Streaming: The Future of Online Video Game Rental

Streaming: The Future of Online Video Game Rental

When the Xbox One was first announced, Microsoft stated that the new console would no longer use physical media, instead requiring downloads for all games. Later, it stated that the Xbox One would use discs, but all games had to be installed and would no longer work with any other console. Fortunately, within months, Microsoft returned to a multi-use disc model, so gamers can still use online video game rental services to try games before they buy.

However, one message became very clear: By the next console generation, gamers will not use physical media. Although you can still rent new PS4, Xbox One and Wii U games for the next few years, the next iteration of these consoles might not ship with a disc drive. However, there will always be a demand for services that allow users to enjoy media without purchasing the full package.

Netflix showed the world that people want to watch movies without buying them, and although the streaming service can only show the TV shows and movies it has licensed, its growing online user base points to greater consumer trends. With the technology available today, it's time for a Netflix-like service for video games. Fortunately, four companies are paving the way for video game streaming services.

GameTap gained attention when it launched as a store for retro games on the PC. As it's grown as a service, GameTap now offers a premium service for video game streaming. The selection of new games is limited, and most of the hot titles are several years old. Fortunately, GameTap is the best source for retro games, and it offers many original and exclusive games, much like Netflix's new original shows. Although the service only costs about $10 a month, its limited selection makes it less appealing for most gamers.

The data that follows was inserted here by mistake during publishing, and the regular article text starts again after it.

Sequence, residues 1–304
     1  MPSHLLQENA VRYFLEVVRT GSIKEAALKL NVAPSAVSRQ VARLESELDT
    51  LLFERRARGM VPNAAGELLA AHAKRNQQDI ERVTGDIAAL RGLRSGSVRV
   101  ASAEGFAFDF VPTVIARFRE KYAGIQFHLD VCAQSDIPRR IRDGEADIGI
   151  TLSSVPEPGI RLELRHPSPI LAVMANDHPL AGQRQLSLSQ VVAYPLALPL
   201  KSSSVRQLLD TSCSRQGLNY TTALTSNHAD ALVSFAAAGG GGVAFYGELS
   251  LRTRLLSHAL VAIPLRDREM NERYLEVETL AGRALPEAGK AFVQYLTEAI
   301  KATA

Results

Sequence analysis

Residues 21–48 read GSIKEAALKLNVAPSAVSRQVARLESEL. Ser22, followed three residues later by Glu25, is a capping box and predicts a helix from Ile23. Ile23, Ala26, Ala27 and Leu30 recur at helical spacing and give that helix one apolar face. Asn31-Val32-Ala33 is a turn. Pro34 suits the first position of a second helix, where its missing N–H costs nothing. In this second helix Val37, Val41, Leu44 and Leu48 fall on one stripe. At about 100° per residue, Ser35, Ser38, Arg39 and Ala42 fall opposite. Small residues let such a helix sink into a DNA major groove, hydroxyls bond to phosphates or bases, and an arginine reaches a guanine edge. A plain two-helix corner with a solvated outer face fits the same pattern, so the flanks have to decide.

OnLive promised high-quality streaming for the most popular games, but this service fails to gain any ground in the gaming space. The service invested in a microconsole and controller, but poor sales made it a failed investment. Today, the service offers its streaming service on many devices for $10 a month, but there are very few games to choose from.

The most promising chance for a video game streaming service is Gaikai, which Sony purchased in 2012. Like the above services, Gaikai built its name with the promise to stream the newest and best games shortly after launch. Although the service hasn't launched beyond beta, the technology caught the attention of Sony. When Sony revealed the PlayStation 4, Gaikai took the stage and promised that PS4 owners would be able to stream the entire back catalog of PlayStation games.

Since the reveal, Sony and Gaikai have defined the streaming service. Subscribers will be able to play select PlayStation 3 games on the PS4. Later, Sony will move the service to the PlayStation Vita and PS3, and if all goes according to plan, non-gaming devices will be able to stream games. Although Sony has not revealed a price, Gaikai will launch in the U.S. sometime in 2014. Hopefully, the service will have a reasonable price and will have a strong selection of games.

Although video game streaming services are struggling to gain ground, the popularity and availability of services like Netflix prove that many consumers want to pay a monthly fee for a huge selection of media. Within the next few years, streaming video game services will continue to rise. Although online video game rental services may disappear, gamers will still have the opportunity to try before they buy.

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